BBC investigates PFI but misses red elephant in room
I just watched this BBC documentary investigating what caused the Edinburgh School collapse and the resulting closure of 17 Schools across the city. It is set up as a hard hitting investigation into what went wrong and it puts the blame firmly on the adoption of Private Finance Initiatives (PFI)
It’s fairly sobering and it does a good job at highlighting the problems with PFI. It explains that PFI breaks the relationship between the the Council and the builders by injecting into the process an unnecessary third party(the investors). The investors are usually not as bothered about building standards as the Council. The documentary also shows that over the 30/35 years a PFI contract runs the investors often change as the contract gets sold onto other parties for profit. The investigation also discovers that many of the owners are offshore companies which causes a transparency and accountability problem as it’s hard to work out who is responsible.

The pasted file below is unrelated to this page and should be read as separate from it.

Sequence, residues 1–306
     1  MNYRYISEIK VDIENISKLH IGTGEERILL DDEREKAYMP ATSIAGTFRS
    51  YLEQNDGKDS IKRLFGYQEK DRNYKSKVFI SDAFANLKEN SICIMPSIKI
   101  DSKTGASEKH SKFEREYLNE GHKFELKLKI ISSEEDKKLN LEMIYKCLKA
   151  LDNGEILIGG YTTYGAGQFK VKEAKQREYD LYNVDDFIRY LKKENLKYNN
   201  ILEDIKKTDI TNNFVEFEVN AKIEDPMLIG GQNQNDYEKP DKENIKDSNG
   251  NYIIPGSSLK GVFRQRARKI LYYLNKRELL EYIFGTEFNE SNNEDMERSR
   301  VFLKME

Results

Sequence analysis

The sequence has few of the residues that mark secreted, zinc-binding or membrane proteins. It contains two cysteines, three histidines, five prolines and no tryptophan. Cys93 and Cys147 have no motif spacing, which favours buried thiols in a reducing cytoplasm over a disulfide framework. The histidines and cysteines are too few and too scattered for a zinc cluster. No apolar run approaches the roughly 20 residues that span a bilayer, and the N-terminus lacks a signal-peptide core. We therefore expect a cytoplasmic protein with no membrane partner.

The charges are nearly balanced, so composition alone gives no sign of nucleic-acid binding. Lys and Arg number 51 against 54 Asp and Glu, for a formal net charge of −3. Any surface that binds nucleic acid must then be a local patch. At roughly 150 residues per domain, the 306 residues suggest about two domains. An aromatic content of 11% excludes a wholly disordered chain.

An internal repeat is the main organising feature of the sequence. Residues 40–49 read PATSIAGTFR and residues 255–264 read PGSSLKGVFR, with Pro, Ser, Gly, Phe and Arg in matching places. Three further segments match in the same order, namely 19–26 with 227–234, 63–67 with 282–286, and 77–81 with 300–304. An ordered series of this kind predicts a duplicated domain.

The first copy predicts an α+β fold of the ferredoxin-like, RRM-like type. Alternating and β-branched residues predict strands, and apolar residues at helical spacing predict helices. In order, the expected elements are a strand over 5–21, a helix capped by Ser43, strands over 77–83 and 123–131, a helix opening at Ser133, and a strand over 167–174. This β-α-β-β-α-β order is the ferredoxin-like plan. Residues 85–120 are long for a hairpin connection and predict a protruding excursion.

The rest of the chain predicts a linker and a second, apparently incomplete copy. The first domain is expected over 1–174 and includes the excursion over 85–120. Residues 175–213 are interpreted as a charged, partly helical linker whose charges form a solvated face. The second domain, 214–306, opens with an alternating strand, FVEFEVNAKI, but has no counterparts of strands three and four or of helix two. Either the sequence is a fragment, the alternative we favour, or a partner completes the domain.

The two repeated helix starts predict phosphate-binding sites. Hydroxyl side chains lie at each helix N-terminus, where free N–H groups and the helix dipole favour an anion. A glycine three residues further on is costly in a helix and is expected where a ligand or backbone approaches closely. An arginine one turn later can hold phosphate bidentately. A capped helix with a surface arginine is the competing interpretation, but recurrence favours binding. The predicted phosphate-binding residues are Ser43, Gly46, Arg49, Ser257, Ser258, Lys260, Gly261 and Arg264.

What I found most notable about the hour long documentary was the failure to mention any political parties. The documentary interviews two Edinburgh councillors and doesn’t once mention which political party they belong to. The presenter doesn’t once think to mention that PFI projects were promoted by former Labour leader Gordon Brown and warmly embraced by then Scottish Labour leader and First Minister Jack McConnell. The programme fails to note that all of these Schools were built at the time Labour were in charge and when they were heavily promoting PFI. The investigation fails to note that Jack McConnell was holding back money from councils that failed to use PFI schemes.
Now it could be that Labour are blameless in all of this but it does seem remarkable that the BBC fail to mention their prime role in the adoption of PFI, in an investigation that suggest PFI contracts caused the problem.
The documentary ends with some stark warnings about how government should be more careful about how it funds the building of schools. A causal viewer might be forgiven for thinking the problem was the fault of the current government who were not in power at the time.
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